There is an insidious enemy to healthy parenting, and it’s exacerbated and grown by our modern culture. This enemy lurks on social media, on parenting blogs, naturally in the hearts of parents and in parenting conversations that are had throughout the week. Terrifyingly, this enemy is also normalized and treated as “no big deal,” or in worst cases, as a general parenting M.O. And yet, it consistently steals our joy and freedom as parents.
What is this enemy?
Our second parenting axiom:
Fear is a terrible parenting posture.
What is Your Parenting Posture?
A “parenting posture” is a way to describe our individual way of dealing with or approaching different situations. It refers to how we hold ourselves, the expectations that we bring and our overall attitude toward parenting moments. Normal postures can range from hopeful and enthusiastic to hesitant or frustrated. Your parenting posture will shape the words you use, the responses you choose and even the weight you give to different situations.
Parenting postures, in some senses, are inherent to your personality. Some people will be more predisposed toward happy-go-lucky or bubbly postures, whereas others are going to naturally tend to be quieter, more introspective or even more hesitant.
But postures are also learned and cultivated – they’re not simply defined by who you are, but are the product of what you allow to shape your thoughts, attitudes and focuses. They’re also affected by your experiences and your particular context; a parent of a teen will likely have a very different parenting posture than the parent of an infant.
A Parenting Posture of Fear
The modern world is a dangerous place for kids. Social media, online dangers, always-connected phones, tablets and computers and the prevalence of sex and violence on even daytime TV are just a few of the dangers parents of kids ten years ago knew nothing about. Because of the quick rate of change, and the overabundance of information, it is easy to quickly fall into fear.
Fear is a paralyzing posture. It’s a “no” first mindset which sees danger around every corner. Caution, wisdom, and restraint are not the same things as fear, but too many of us parent from a position of fear.
Ultimately, fearfulness leads to defensiveness, and defensive parents are rarely proactive parents. If you expect a boogeyman around a corner, you will rarely walk around that corner. But beyond paralysis, fearful parenting also leads to constant conflict. Parents will experience fears their children rarely have and will refuse to walk around proverbial corners their kids can’t wait to turn.
Think, for example, of a preteen approaching the topic of social media. The dangers of social media are well documented, and a parent reading about those dangers can quickly become fearful. That fearfulness can result in a quick, decisive and harsh, “NO” when the topic is brought up, but the child sees none of those fears. The child will just continue to walk forward, pursuing social media, but the parent will try to stay as far away as possible. This creates a tension that will only grow as your children push further and further.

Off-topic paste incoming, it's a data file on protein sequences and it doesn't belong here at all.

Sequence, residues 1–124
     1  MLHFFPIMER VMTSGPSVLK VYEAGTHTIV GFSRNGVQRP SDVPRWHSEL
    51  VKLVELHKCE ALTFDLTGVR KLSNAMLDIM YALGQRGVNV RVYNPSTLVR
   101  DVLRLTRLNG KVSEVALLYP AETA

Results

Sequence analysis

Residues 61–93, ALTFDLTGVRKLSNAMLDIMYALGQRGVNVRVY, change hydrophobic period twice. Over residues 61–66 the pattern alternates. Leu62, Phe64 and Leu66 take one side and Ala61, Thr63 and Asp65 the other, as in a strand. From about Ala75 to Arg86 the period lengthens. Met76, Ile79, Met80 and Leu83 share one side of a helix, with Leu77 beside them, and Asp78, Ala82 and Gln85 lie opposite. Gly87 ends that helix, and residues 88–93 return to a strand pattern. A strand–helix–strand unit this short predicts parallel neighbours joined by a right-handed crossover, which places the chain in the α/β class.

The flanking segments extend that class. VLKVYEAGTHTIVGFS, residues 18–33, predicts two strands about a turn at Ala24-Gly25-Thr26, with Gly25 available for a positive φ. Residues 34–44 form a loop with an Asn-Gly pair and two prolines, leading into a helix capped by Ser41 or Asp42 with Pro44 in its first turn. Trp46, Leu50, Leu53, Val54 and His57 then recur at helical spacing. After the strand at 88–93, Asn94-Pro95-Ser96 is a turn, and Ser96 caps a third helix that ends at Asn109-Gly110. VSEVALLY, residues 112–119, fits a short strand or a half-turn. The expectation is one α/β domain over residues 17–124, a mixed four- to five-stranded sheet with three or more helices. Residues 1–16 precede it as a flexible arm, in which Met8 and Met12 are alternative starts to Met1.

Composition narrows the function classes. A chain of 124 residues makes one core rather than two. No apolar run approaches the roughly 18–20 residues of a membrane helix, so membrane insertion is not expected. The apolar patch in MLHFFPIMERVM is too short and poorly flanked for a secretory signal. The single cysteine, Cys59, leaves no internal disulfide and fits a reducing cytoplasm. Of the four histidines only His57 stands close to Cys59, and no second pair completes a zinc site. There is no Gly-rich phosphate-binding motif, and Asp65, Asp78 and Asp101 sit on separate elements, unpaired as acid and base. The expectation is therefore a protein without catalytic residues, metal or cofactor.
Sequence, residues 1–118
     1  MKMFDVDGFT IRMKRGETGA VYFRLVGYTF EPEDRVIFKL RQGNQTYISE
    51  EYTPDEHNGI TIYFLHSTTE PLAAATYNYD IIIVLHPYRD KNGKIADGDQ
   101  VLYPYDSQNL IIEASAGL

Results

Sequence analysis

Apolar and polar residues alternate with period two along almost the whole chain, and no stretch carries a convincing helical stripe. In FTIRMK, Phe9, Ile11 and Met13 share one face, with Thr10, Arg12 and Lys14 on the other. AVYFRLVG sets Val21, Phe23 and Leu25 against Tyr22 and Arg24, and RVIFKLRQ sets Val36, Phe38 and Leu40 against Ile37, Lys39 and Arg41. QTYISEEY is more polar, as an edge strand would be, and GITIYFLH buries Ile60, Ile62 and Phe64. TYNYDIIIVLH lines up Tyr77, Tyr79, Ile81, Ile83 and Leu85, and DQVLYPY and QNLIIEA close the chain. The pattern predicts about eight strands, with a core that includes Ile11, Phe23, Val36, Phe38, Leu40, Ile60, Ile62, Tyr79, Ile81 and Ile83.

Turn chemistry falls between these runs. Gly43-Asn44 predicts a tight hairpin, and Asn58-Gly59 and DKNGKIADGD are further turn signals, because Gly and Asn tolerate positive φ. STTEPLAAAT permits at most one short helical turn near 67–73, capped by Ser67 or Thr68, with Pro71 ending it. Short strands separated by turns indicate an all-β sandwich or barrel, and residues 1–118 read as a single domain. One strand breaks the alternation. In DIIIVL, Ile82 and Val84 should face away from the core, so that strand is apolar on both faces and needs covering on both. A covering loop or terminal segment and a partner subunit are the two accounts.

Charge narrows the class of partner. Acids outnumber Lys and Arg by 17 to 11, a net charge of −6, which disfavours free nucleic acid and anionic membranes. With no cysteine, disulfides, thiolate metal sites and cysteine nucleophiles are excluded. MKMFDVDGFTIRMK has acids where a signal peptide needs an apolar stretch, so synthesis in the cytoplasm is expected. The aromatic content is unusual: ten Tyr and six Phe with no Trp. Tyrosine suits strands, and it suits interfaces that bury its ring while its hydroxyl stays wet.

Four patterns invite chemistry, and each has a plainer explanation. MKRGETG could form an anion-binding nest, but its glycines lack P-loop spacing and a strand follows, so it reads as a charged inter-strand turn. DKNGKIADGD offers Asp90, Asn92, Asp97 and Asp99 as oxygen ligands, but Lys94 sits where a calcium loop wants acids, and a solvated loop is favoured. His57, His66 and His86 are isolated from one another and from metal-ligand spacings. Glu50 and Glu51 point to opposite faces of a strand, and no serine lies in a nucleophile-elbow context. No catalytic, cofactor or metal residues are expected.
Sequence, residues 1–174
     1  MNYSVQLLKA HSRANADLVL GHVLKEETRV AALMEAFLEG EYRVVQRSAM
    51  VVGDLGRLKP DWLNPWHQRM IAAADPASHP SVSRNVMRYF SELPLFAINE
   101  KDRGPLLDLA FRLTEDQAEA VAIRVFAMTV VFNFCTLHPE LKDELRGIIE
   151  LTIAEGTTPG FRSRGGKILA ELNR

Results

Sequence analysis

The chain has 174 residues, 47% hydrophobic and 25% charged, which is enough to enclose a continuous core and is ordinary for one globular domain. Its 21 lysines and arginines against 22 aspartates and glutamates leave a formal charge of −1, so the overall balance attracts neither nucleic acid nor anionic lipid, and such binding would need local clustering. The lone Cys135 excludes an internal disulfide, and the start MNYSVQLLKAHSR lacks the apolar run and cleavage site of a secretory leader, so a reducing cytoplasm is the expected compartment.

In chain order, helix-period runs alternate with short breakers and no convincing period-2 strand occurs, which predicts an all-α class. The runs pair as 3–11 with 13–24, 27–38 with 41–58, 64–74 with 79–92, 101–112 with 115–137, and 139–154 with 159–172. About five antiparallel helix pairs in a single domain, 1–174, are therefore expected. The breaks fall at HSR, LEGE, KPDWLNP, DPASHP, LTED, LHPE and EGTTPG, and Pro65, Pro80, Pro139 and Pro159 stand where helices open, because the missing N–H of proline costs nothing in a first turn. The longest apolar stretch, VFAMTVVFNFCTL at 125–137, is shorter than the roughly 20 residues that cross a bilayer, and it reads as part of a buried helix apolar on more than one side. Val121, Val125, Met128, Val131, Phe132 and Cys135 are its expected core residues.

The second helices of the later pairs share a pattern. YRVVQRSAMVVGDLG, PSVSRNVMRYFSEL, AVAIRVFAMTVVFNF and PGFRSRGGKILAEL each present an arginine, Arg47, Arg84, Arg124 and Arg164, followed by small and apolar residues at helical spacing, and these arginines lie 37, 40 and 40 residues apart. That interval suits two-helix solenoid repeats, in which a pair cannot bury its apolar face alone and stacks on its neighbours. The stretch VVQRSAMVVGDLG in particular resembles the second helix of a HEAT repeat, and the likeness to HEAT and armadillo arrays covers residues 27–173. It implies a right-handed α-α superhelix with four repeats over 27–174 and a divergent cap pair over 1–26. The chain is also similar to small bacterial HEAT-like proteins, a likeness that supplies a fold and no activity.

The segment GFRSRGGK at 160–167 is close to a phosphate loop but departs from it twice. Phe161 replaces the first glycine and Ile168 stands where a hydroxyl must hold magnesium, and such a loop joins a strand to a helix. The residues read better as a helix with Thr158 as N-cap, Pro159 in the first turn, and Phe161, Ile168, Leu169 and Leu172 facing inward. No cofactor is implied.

Parents, your petrifying fear will rarely translate to your kid’s attitude, but instead, often lead to disagreement and fights.
A Different Kind of Fear
Fear can manifest itself differently for moms than from dads.
Moms tend to fear things external to their children – the influence of other kids or media, the speed of the slides at the park, or her teenagers driving ability – or lack thereof! Social media itself plays into these fears with articles and comments about the dangers of the world
Dads, however, tend to fear internal realities: a lack of responsibility or a perceived laziness in his child. Perhaps it’s a character trait that dad sees in himself but doesn’t want to see in his children: anger or a lack of patience. Or perhaps it’s a fear that his son or daughter won’t stand up for what’s right when the time comes.
Whatever the fear for a mom or a dad – internal or external – it’s easy to adopt that fear as a default posture for parenting. But a parenting posture of fear is a paralyzing position and must be rejected.
Perfect Love Casts out Fear
How can we combat a fearful parenting posture? Three thoughts:
First, we must be made aware of our own fears as parents. Few things can do this better than a carefully cultivated group of friends. We need to surround ourselves with other parents and peers with whom we can be honest and truthful about our decision-making process, and who can highlight our fear for us when we encounter it.
Secondly, we need to consistently throw ourselves onto God’s mercy and provision. As our trust in God grows, our fears will shrink. We can do this most easily by consistently turning to God’s Word and journaling thoughts and observations from the text. Seeing God’s provision play out in the lives of his followers in Scripture, and writing about how those situations might apply to our lives will help guard our hearts against fear.
Finally, if you are married, commit to speaking often about fears that you might have with your spouse. Perhaps you haven’t used this language before; you’ll find you have different parenting fears but that you can speak to your spouse’s fears as well. Talking with your spouse will give you and your spouse insight into how best to resist the paralysis that can come from fear and instead turn it into healthy caution which can guide, instead of freeze, your parenting decisions.